[J3] Syntax of conditional expressions

Gary Klimowicz gak at pobox.com
Tue Jun 29 22:55:33 UTC 2021


On Jun 29, 2021, at 15:23, Van Snyder via J3 <j3 at mailman.j3-fortran.org> wrote:

> On Tue, 2021-06-29 at 12:08 -0700, Gary Klimowicz via J3 wrote:
>> The verbose form in Algol-68 was much more concise to begin with:
>>     if a then b elif c then d else e fi      # 35 chars #
>> 
>> Compare to (21-157r1 line 28)
>>     if (a) then (b) elseif (c) then (d) else (e) endif ! 50 chars, 43% more
> 
> Didn't Algol 68 have reserved words? I think Malcolm's argument was that the extra punctuation is necessary to avoid syntax ambiguities.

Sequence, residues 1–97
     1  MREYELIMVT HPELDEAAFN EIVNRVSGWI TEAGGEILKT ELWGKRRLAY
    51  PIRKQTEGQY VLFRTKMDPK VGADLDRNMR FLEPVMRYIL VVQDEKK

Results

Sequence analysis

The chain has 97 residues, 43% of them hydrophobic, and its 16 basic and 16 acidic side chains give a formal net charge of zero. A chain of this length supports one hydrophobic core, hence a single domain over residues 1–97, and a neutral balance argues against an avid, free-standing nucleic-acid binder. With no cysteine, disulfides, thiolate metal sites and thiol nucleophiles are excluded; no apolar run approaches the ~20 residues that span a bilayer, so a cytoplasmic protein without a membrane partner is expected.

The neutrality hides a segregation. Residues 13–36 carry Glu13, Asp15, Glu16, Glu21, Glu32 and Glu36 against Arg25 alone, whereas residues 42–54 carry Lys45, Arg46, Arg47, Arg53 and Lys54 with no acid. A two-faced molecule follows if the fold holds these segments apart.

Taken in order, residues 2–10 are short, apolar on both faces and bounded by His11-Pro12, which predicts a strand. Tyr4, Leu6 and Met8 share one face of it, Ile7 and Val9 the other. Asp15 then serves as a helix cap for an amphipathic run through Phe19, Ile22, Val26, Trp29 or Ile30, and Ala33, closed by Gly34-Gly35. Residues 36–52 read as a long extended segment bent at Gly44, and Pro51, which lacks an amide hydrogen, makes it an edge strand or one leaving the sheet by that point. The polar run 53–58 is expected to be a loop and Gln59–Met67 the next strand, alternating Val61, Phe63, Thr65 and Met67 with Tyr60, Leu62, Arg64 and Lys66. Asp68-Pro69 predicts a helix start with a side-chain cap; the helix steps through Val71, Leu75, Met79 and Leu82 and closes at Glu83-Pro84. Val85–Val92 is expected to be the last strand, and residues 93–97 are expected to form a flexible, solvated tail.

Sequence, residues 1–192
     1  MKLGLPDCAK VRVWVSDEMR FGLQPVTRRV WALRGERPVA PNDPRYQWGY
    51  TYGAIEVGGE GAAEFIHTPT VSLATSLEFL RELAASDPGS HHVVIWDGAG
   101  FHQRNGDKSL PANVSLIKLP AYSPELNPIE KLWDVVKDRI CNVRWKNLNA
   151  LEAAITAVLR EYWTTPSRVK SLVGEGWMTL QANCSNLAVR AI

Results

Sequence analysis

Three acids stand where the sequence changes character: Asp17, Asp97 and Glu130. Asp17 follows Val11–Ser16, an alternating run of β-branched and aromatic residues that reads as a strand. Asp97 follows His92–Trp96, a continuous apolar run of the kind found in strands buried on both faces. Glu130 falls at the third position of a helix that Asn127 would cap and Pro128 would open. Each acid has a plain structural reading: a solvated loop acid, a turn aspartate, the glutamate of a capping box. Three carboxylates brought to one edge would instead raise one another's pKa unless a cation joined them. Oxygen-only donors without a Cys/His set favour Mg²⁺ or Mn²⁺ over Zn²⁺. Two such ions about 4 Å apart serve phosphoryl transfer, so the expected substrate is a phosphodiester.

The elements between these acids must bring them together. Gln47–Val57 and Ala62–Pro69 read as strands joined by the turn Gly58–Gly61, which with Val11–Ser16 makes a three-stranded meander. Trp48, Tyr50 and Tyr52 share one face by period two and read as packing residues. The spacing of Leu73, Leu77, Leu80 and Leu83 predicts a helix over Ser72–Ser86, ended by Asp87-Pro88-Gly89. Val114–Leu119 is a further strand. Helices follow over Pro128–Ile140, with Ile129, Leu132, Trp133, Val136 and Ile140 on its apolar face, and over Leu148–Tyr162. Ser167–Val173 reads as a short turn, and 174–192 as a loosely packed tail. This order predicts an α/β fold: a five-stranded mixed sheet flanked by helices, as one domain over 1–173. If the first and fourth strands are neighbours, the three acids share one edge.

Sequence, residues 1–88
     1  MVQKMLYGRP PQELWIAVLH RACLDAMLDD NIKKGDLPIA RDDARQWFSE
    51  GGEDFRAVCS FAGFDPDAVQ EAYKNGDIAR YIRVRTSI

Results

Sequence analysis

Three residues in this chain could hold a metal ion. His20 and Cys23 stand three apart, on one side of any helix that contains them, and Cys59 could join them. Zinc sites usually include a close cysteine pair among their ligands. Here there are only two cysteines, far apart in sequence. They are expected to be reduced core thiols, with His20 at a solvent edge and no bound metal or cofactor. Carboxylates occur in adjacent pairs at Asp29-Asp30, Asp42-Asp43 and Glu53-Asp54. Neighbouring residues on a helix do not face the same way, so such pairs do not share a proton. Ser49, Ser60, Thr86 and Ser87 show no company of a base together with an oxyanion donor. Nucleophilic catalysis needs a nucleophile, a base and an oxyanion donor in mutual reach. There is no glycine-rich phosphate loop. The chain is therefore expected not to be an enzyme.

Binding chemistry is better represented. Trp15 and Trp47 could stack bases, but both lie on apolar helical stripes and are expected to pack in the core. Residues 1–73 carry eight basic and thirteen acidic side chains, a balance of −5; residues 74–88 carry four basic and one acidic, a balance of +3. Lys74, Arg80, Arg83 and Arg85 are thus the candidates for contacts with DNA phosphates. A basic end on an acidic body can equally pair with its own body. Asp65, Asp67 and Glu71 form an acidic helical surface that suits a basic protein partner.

True, it did, but not exactly in the sense we're used to.

Reserved words were considered in a separate name space than identifiers, much like Fortran.

Algol 68 apparently had them emboldened in the "strict" language. "Stropping" could be used to distinguish them in machine text (quoting, prefixing with a period, writing in upper case, etc.).

And since identifiers could have spaces in them, it got fun. This is legal:
    int a real int = 3;

Probably so is this:
    int real = 3;

Don't trust any language under 50.


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